May 15, 2012
NBHA OFFICIALLY KICKS-OFF 2MILLION2MANY CAMPAIGN
WASHINGTON, May 15, 2012 /PRNewswire-USNewswire/ -- The National Bone Health Alliance (NBHA), a public-private partnership with 42 member organizations, is urging a simple solution to a big problem: if it's 50+ fracture, request a test. This is the call-to-action for the NBHA's new public and healthcare professional education campaign – 2Million2Many (www.2Million2Many.org).
The campaign reflects the two million bone breaks that occur in the U.S. each year that are caused by osteoporosis and urges the public and healthcare professionals alike to take action and request a test for osteoporosis when someone age 50 or older breaks a bone. Despite the fact that 50 percent of osteoporosis-related repeat fractures can be prevented with existing treatments, only two in 10 initial bone breaks get a follow-up test or treatment for osteoporosis.
Designed to bring the under-diagnosed and under-treated condition out of hiding, the 2Million2Many campaign officially launched today during an Osteoporosis Summit, held in Washington, DC, bringing together the nation's leading experts on bone and women's health, health economics, policy and patient advocacy to discuss the impact of osteoporosis, the importance of secondary fracture prevention and highlight the need for robust policies to address this health imperative.
"The sad reality is that the vast majority of patients over age 50 presenting with their first bone break are not tested for osteoporosis, placing them at the highest risk to suffer another bone break which could cause severe debilitation or even death," said Robert Lindsay, M.D., Ph.D, chief of Internal Medicine, Helen Hayes Hospital, professor of clinical medicine, Columbia University and chair, NBHA 2Million2Many Project Team. "If we do not make major strides to intervene and tackle this problem, it will only get worse. The number of annual fractures is expected to swell to around three million and cost the healthcare system$25 billion per year by 2025; hence NBHA's '20/20' vision to reduce the incidence of bone breaks 20 percent by 2020."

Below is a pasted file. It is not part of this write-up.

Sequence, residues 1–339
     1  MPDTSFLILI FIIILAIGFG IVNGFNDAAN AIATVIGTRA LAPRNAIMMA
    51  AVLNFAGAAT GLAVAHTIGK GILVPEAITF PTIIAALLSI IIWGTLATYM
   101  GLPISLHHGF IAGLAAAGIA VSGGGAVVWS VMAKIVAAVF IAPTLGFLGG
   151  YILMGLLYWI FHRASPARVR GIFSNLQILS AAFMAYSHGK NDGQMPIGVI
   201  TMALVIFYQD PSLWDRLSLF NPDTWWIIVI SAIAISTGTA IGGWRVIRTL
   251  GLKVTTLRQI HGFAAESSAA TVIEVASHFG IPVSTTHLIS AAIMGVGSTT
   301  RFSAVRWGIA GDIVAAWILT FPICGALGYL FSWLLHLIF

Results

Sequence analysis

One in two women over age 50 will suffer a bone break caused by osteoporosis in their lifetime, as will up to one in four men. In fact, the number of bone breaks per year caused by osteoporosis exceeds the incidence of heart attack, stroke and breast cancer combined. To illustrate the magnitude of the problem, the NBHA has built "Cast Mountain" to serve as the symbolic centerpiece of the 2Million2Many campaign. The 12-foot tall installation is made up of 5,500 casts, representing the number of bone breaks that occur in just one day due to osteoporosis. As part of the campaign, this jarring display will be touring the country at various events.